ONThe world’s most popular sport gains ground in the United States with a boost from Sunil Gulati ’81.
BY ROBERT STRAUSS
When the United States women’s national team was jumping and cheering and doing all sorts of celebrating, having just won the World Cup
in Vancouver, Canada, in July, there was, in their midst, a
somewhat short and slight middle-aged man, just as happy
as they were, though a bit more contained.
Sunil Gulati ’81 has been president of the U.S. Soccer
Federation, the national governing body of the sport, for
the last decade. His hand is at the tiller, guiding the sport
in an upward trajectory in the American consciousness.
“He’s the single most important person in the development
of soccer in this country,” Alan Rothenberg, one of Gulati’s
predecessors as U.S. Soccer president and a founder of
Major League Soccer, has told USA Today.
Gulati is modest and confident but well aware of the
complexity and daunting nature of his mission. He knows
that soccer is not nearly yet on a plane with baseball,
basketball and football in the national sports scene, yet he is
quick to point out each careful step the game is taking forward.
“We had an audience of 25 million-plus to watch the final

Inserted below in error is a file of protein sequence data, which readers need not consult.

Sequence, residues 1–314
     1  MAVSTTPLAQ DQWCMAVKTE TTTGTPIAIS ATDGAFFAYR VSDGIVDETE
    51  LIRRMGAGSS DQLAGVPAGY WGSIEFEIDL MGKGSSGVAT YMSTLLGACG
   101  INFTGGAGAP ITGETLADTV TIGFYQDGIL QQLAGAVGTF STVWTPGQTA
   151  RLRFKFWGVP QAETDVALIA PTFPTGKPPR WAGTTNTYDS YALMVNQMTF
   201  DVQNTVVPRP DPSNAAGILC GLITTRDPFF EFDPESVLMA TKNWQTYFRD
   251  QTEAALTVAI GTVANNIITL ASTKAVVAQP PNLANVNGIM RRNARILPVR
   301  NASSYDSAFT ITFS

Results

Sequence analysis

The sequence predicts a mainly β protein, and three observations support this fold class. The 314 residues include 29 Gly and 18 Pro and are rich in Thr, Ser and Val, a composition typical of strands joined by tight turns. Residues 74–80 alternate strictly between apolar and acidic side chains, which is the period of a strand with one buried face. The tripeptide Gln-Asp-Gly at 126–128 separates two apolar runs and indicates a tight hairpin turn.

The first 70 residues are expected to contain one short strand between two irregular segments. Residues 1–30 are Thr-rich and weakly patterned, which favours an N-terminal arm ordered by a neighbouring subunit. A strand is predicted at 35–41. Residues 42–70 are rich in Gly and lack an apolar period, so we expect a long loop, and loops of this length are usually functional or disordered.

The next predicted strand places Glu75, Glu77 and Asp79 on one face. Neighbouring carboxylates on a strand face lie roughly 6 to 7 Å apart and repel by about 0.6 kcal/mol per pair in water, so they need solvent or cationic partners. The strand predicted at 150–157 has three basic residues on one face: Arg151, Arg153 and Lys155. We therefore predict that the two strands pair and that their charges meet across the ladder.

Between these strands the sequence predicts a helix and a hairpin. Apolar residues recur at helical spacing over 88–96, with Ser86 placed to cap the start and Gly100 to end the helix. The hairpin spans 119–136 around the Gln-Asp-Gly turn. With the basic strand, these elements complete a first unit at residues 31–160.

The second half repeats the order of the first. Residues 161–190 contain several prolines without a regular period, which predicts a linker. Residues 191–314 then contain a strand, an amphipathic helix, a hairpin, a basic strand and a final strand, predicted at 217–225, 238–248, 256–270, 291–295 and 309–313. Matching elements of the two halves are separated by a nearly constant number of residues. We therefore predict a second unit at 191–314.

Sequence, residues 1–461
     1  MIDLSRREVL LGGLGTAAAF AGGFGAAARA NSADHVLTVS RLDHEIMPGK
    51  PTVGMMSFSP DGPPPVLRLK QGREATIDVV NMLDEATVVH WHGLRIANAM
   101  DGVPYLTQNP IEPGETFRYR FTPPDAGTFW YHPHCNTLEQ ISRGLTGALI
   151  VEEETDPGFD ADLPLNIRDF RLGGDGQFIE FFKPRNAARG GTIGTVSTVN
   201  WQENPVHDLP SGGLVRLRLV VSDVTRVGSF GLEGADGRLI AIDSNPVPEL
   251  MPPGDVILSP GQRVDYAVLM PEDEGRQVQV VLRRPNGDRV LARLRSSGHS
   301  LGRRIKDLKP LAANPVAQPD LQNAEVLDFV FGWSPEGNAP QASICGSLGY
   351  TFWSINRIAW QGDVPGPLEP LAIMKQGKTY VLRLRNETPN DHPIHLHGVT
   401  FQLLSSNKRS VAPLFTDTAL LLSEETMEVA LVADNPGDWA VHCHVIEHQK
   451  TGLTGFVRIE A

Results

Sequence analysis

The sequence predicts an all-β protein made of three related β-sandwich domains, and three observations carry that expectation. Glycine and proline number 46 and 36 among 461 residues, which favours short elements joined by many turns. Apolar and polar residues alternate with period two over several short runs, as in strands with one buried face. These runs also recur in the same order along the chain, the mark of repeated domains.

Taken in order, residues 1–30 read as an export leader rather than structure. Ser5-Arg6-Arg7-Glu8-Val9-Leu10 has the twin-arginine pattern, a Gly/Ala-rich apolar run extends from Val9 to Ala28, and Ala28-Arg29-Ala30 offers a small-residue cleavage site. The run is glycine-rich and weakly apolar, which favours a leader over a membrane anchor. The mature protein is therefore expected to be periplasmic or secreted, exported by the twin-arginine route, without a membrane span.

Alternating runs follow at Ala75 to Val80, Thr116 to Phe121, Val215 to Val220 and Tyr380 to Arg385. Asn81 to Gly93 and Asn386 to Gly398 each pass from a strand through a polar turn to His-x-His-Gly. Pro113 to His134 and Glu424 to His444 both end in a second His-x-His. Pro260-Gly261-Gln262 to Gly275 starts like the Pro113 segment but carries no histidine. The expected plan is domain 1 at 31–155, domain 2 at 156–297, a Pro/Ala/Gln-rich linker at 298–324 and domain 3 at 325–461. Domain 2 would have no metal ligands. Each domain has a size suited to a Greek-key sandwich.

of the women’s World Cup. We won’t achieve those numbers
for anything but a World Cup, but the interest level in the
game across the board is thriving dramatically,” says Gulati.
He hopes the interest in that World Cup final, in which the
women’s team trounced Japan 5-2, will spur interest in both
the women’s and men’s professional leagues. “That is a sea
change from what it was 20 to 25 years ago.”
Twenty years ago, Gulati, now 56, was trying to figure
out his career path. He had recently landed a job with the
World Bank, which he admits would have been his dream
when he graduated from Bucknell and then from graduate
school at Columbia University.
He had just worked also, though, with the men’s World
Cup, hosted in 1994 by the United States, as the executive